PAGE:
The moral high-ground

Yesterday Israel commemorated the assassination of the late Prime Minister, Yitzchak Rabin. Twelve years ago, he was killed by a man who probably was unbalanced at the time and certainly was provoked by an agent of the Israel government, Avishai Raviv, who has since been sanitized and has disappeared from public view. The assassin has been in jail ever since.

People who teach the “Rabin Legacy” speak of “the right” as having killed Rabin. They speak of the rabbis and teachers whose speech led to it. This is of course, patently untrue. “The right” is not a monolithic group and it certainly does not have a tradition of killing its opponents. In addition, every person carries the responsibility for his own acts.

It was Rabin who pitted himself against “the right,” delegitimizing them in the service of his making a peace with the Arabs that even he knew was unlikely to come. It was he who characterized “the right” as being unworthy of consideration. His words and actions were harsh.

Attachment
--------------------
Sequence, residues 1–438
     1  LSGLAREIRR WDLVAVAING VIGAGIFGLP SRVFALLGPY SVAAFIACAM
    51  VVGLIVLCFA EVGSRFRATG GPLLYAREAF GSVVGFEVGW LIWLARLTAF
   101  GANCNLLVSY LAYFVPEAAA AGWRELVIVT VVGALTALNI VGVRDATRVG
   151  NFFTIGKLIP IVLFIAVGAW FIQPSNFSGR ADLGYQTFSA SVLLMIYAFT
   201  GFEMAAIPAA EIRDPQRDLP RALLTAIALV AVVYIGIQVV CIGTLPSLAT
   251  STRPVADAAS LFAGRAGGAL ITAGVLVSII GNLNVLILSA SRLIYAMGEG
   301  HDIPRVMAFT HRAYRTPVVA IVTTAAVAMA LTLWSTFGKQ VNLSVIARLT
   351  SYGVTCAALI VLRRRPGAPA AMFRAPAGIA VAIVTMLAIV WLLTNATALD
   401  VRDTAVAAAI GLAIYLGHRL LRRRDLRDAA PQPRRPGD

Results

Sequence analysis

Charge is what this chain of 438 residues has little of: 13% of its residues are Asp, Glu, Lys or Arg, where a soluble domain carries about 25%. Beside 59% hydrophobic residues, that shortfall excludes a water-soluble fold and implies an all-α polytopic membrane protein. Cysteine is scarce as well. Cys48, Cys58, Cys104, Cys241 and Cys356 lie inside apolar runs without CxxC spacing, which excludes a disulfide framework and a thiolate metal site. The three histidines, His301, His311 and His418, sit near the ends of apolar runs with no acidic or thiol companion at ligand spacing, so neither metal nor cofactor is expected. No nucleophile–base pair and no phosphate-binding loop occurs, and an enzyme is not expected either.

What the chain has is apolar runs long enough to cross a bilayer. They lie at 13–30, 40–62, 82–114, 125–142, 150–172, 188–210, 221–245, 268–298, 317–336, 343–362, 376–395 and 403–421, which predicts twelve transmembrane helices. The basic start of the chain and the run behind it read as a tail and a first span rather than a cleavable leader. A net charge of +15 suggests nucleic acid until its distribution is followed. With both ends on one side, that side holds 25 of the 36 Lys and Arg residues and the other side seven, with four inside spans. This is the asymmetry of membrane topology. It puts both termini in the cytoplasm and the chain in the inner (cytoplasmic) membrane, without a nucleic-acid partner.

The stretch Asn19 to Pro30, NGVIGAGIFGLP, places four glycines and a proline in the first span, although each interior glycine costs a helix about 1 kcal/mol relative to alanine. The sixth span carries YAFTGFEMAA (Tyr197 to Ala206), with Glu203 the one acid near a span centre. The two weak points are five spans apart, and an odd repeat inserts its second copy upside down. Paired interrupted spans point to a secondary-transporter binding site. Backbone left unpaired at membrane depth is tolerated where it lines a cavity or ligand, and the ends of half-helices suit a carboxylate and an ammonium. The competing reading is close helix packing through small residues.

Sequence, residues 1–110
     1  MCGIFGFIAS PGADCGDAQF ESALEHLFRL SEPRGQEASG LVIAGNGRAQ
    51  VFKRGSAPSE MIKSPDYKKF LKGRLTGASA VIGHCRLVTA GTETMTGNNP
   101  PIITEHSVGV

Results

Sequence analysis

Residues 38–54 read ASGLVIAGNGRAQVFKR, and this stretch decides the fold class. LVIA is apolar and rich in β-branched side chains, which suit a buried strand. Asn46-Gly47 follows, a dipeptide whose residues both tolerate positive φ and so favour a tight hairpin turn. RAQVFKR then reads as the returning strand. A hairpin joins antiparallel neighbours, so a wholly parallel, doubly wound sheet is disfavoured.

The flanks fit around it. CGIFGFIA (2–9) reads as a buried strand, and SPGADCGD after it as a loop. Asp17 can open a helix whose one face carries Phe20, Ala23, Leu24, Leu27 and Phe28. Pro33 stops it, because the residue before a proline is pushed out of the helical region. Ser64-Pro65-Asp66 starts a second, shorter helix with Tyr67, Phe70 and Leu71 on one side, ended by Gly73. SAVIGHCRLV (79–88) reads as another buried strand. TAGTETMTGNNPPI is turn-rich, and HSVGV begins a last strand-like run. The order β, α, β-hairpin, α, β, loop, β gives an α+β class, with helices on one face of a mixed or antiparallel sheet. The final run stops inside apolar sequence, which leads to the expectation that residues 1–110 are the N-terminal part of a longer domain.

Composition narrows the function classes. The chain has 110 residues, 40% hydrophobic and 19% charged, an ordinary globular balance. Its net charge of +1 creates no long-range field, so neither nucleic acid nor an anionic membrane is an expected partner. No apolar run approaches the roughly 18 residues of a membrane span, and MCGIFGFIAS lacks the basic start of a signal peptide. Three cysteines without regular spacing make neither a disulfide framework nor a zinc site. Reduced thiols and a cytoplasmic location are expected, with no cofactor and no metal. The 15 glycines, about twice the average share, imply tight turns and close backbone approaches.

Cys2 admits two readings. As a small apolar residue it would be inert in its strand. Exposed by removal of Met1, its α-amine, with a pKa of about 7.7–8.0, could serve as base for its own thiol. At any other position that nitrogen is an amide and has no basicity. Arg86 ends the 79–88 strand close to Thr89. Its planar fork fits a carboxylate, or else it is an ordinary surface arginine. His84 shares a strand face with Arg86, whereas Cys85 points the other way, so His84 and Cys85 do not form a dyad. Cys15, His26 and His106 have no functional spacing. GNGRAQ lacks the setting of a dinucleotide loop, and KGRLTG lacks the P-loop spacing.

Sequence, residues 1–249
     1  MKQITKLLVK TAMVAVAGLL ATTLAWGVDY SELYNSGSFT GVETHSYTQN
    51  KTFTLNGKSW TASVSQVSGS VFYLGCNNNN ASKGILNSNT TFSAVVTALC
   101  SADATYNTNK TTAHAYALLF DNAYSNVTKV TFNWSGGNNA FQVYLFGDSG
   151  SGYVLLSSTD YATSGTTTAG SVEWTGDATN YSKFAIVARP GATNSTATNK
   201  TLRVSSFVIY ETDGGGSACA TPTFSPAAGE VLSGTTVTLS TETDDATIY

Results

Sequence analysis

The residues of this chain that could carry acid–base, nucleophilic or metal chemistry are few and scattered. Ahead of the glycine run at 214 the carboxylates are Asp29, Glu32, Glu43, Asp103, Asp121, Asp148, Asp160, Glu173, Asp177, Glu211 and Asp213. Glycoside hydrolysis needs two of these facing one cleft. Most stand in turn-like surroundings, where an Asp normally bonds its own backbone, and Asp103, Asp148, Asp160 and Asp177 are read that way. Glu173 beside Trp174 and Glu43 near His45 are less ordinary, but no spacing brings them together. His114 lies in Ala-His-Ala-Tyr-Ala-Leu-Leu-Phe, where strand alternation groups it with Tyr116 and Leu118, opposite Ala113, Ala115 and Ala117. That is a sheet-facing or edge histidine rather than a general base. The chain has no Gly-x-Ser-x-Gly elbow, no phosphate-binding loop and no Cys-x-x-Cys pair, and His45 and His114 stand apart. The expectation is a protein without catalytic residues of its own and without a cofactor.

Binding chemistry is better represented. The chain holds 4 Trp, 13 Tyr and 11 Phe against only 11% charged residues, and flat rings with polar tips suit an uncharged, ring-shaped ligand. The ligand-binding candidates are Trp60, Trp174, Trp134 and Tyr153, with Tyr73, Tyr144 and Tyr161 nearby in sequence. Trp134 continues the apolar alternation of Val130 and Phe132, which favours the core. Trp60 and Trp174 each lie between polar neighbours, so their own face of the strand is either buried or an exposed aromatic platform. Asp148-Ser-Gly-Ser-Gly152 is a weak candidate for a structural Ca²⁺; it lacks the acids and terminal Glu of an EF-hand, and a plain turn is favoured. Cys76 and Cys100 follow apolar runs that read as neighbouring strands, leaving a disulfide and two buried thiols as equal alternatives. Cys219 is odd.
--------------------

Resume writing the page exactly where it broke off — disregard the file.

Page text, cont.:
So now, each year on the anniversary of the assassination, the Rabin spokespeople talk about democracy and openness, and it was only last night that one of them said (referring to the assassin) “he and his whole disgusting family of insects…” and then went on in a high-toned manner to deplore “incitement.”

I think that Yitzchak Rabin’s assassination was a terrible, criminal act, but I despise the fact that those who revere him have used it to demonize a significant part of the population. If that is his legacy, it should best be forgotten.

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